The National: Crippled by the job, thousands of Chinese workers struggle for redress

19 May 2010

China Labour Bulletin is quoted in the following article. Copyright remains with the original publisher.

Daniel Bardsley, Foreign Correspondent
May 18. 2010

BEIJING.  Yang Renbing is still in his 30s, but already his body has suffered damage from which it will not recover.

For more than a decade, he worked in a jewellery factory in southern China where he inhaled dust that has permanently damaged his lungs.

Mr Yang, 34, is one of what campaigners estimate to be more than one million people to have developed an often deadly condition called pneumoconiosis as a result of his working conditions.

Some are miners, others such as Mr Yang worked in gemstone factories, yet more were employed in quarries.

What links them, as well as having an irreversible and often fatal condition, is their difficulties in obtaining compensation.

Mr Yang began work at the jewellery factory in Guangdong province in 1993, and was sacked in 2005 after his pneumoconiosis began to manifest itself as fatigue and shortness of breath. He had an official diagnosis of occupational disease in 2007, but is still to be compensated for the harm caused to his lungs, which have become inflamed and fibrous.

“We need help urgently,” he said, after describing how he had been sent from Guangdong to his home province, Sichuan, to obtain a diagnosis of occupational disease, only to not have the diagnosis recognised by his company because it was from the wrong province. Then he was told he could not be compensated because he left the company too long ago.

Legal costs have put Mr Yang thousands of dollars in debt, a significant sum given his family’s only income is his wife’s 1,500 yuan (Dh807) monthly salary.

According to the Hong Kong organisation China Labour Bulletin (CLB), a workers rights group, tens of thousands are struggling for compensation.

“Entire communities have been devastated by this,” said Geoffrey Crothall, a CLB editor.

While one worker who voluntarily underwent surgery last year to prove he had an occupational lung disease was awarded 615,000 yuan (Dh331,000) compensation, the organisation said the system was stacked against the individual, with countless ways for employers to evade their responsibility to pay compensation.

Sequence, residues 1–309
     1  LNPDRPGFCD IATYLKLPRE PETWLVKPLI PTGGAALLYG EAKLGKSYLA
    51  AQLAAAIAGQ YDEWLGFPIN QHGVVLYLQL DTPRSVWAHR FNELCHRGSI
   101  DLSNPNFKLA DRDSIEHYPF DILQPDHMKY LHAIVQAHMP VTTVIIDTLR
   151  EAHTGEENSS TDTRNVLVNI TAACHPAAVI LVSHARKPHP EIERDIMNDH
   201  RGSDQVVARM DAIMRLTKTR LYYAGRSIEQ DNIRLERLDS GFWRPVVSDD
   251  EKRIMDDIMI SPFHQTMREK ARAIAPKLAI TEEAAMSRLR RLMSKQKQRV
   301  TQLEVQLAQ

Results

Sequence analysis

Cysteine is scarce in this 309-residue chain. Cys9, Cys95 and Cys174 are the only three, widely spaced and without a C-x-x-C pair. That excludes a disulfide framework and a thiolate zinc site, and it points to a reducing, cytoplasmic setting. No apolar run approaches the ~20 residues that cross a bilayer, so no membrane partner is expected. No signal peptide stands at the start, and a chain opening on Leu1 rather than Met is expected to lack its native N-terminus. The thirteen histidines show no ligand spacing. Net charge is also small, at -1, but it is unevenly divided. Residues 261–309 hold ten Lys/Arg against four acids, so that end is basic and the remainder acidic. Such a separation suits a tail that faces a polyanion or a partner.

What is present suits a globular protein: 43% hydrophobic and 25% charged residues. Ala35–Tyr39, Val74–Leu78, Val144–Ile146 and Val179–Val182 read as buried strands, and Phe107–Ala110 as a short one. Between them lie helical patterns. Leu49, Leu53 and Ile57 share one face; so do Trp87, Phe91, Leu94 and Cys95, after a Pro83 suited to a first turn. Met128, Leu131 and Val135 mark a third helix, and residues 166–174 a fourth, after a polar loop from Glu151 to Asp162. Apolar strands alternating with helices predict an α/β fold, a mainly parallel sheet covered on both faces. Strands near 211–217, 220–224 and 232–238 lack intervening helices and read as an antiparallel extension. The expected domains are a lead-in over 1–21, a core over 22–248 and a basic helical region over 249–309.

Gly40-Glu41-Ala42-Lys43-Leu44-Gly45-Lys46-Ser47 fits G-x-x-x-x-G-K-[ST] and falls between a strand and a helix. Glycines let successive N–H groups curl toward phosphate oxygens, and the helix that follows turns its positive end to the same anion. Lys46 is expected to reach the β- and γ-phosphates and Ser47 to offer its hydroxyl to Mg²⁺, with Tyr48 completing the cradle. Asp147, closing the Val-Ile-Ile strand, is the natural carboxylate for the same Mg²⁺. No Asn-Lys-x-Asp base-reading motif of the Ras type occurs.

Since they never had a contract, many workers have lost out because they could not prove they worked for a company.

Countless staff have been sacked once their condition became apparent, the group said, because when they are no longer employed by the company, compensation is harder to secure. Others are said to be pressured into accepting a few thousand yuan as compensation, an award of little value as the condition requires continual treatment.

In Guangdong, a key area for gemstone factories and mining, government regulations meant workers could only be given a diagnosis of occupational illness within two years of leaving the job said to have caused the condition, and then had a further year to get compensation. But campaigners say pneumoconiosis sometimes only develops several years after exposure to dust.

Mr Crothall said there had been improvements to the compensation system – if three colleagues sign to say an individual worked for a company, that can now prove an employee-employer relationship – but still the process remained “very complicated”.

If an employer contests each of the four steps of a claim for compensation – an official diagnosis, classification of it as a work-related condition by the social security authorities, disability assessment and calculation of compensation – he said the process takes at least four-and-a-half years, but is more likely to be a decade.

“The average lifespan when you’re diagnosed is six years,” he said. “Very many people die before they get any compensation at all”, although the family could pursue compensation.

“Local authorities do not enforce the law and they do not put pressure on employers to pay compensation. They are more concerned with the letter of the law and to protect local interests.”

In the CLB’s recently published a report, The Hard Road: Seeking Justice for the Victims of Pneumoconiosis in China, the group called for the compensation process to be simplified. Courts should accept that cases of pneumoconiosis are work-related, the group said, and government committees should be set up to negotiate with employers on behalf of sufferers. Local governments should also have a registration system for those at risk from exposure to high levels of dust, and staff should be educated about the dangers.

Dr Wang Xueyan, the director of the allergy department at Beijing Shijitan Hospital, a leading diagnosis and treatment centre, described pneumoconiosis as causing “a lot of pain”. She said it was vital for people working in dusty conditions to wear masks.

The CLB said employers concerned about compensation demands sometimes provided masks, although often staff had to pay for them.

There are signs the central government wants to do more. In a statement released to local media, the ministry of health said it would “accelerate” the setting up of a code to prevent occupational disease and would “try to establish a long-term policy and strengthen supervision”.

“To be fair to the central government, they are paying more attention to this,” Mr Crothall said. “But we have the perennial problem of national law [that] says, ‘You have to do this,’ but the local government ignores them.”

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